Last Saturday one of the aides asked me (2 times!) if she could bring her boy friend into the room to meet us before they left the hospital for their dinner date that evening.  I was touched and absolutely thrilled (almost to tears!), and of course I said “Yes”! 

What a treat it was to be included for a few moments in a young couple’s life.  I reflected over the many years of welcoming the friends of our 6 children, and sharing our home and dinner table with them.  Sharing our hospital room was a small scale replay of those delightful years! 

Perhaps the highlight (if I can single out only 1) of our most recent hospital stay happened in the “dead of the night”.  The aide who came into the room to check Joe’s blood pressure suddenly noticed my Star of David earrings.  She gasped, and said, “You are wearing Star of David earrings.  Where did you get those?” 

I told her about my favorite Hebrew jewelry website, and then she asked, “Are you Jewish?” 

I gave my favorite reply to anyone who asks about my Jewish jewelry:  “I’m a Christian with a Jewish heart!”* 

The aide was thrilled.  She said, “I am Jewish.  Oh, I love you!”

Then I showed her my ring with 12 glass stones signifying the 12 tribes of Israel, and she was even more thrilled.  My parting words to her flew out spontaneously from my Christian/Jewish heart:  “I think it’s so important that we make a statement today!”*

So you see, I have no problem with the question, “Why, Lord?”  His answers abound before I even ask!

Meanwhile, Joe comes home today.  It’s 2 weeks today since his shoulder surgery.  In 4 weeks the brace can come off.  Then, “God willing and the creeks don’t rise”, we can go fishing!

Yes, I’m thankful for the experiences God has provided during the past challenging months, for His ongoing care, encouragement, and strength.  I’m thankful for the assistance of family members and friends.  I’m thankful for modern medicine, and the caregivers involved.  And I’m thankful for your prayers!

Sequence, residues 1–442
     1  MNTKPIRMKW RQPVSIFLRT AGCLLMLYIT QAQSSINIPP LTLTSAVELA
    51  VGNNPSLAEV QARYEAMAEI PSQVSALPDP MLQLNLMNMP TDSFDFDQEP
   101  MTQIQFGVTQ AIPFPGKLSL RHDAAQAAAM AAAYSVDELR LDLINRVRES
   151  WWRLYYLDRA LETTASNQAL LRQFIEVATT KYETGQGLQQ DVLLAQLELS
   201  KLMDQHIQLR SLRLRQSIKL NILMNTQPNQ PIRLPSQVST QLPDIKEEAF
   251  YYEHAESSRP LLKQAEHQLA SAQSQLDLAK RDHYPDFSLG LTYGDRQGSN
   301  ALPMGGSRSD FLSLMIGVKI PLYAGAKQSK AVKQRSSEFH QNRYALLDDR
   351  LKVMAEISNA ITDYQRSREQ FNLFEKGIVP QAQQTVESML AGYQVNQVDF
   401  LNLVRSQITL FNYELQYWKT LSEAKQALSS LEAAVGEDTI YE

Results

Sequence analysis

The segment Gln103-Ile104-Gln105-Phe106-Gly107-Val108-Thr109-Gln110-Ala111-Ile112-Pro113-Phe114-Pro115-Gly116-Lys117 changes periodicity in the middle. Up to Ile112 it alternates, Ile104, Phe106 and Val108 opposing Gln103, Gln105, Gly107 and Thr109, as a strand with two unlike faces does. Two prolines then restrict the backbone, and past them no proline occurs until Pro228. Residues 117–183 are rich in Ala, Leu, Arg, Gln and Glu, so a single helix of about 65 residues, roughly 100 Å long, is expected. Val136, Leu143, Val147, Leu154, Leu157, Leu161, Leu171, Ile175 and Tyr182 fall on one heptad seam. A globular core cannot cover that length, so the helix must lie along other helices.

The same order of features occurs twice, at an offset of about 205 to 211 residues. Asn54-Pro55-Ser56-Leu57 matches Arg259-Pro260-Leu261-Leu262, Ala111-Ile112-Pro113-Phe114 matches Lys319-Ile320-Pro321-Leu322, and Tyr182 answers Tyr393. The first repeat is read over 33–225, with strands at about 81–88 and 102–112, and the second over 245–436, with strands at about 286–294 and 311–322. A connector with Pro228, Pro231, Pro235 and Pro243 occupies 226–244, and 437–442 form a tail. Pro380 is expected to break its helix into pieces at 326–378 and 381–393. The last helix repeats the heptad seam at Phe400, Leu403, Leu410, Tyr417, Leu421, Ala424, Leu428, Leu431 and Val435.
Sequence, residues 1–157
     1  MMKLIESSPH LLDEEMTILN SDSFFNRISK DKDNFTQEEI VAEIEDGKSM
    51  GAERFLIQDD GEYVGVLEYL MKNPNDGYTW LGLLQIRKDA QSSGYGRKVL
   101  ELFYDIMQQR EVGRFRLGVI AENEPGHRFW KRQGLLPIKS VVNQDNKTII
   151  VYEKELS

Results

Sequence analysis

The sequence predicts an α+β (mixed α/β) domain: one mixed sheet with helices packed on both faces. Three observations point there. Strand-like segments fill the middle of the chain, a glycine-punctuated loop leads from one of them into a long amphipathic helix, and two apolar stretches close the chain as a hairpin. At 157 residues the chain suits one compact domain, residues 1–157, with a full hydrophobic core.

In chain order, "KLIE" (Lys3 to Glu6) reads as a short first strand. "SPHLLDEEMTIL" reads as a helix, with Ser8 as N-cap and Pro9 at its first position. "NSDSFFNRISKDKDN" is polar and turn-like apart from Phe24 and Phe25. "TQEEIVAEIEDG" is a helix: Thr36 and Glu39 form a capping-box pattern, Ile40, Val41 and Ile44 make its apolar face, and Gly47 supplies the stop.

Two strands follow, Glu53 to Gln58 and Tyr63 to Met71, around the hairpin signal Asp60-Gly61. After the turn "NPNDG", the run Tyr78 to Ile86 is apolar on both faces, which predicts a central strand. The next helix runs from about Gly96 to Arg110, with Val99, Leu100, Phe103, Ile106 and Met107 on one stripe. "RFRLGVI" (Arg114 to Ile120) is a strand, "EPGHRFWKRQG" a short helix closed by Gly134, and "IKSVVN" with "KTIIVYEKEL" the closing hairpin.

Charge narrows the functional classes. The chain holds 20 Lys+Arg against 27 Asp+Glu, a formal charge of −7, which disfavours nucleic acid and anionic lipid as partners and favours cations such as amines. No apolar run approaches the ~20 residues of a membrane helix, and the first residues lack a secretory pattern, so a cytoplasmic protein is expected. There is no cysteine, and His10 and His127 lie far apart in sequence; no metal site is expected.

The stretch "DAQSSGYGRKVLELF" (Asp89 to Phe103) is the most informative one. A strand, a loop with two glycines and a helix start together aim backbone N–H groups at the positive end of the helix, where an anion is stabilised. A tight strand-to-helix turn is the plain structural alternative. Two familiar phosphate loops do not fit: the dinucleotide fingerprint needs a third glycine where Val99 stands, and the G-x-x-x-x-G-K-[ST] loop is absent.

Margaret L. Been, 2011

*Note:  I’ve come to consider jewelry as far more than just adornment.  My lovely Cross with turquois stones and my Hebrew jewelry have been great conversation starters, providing many occasions to share what I believe!

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It’s one of those Greek-owned restaurants with large platters of good food at a reasonable price.  We had not been back there since October 23, 2010 when Joe stepped in front of our empty van which he thought he’d left in “Park”—and the van moved forward pinning Joe to the ground, advancing over his left leg and shoulder, and changing our lives. 

When the subject of going back to the restaurant came up a few weeks ago, Joe shook his head.  Never again.  But yesterday Joe and I shared a desire to return to the SUNSET FAMILY RESTAURANT, for the breakfast we’d never had 5 months and 3 days ago. 

This time we parked in the handicap zone, as Joe has a temporary sticker.  He walks slowly, with a cane.  We crossed the area where he’d left the car to open the restaurant door for me—as in October I was recovering from spinal fusion surgery and I was weak as a baby rabbit.  I noted the exact spot where the ambulance driver had held me in his large, comforting arms. 

Inside, the owner’s wife—who tends the cash register—gasped and broke out in tears when she saw Joe.  She gave him a huge hug and said, “I never heard anything after that day and thought it must have been bad news.”  (Someone had intended to go back to the restaurant after the accident, and report Joe’s progress.  But with all the challenges of these past months, that never happened.)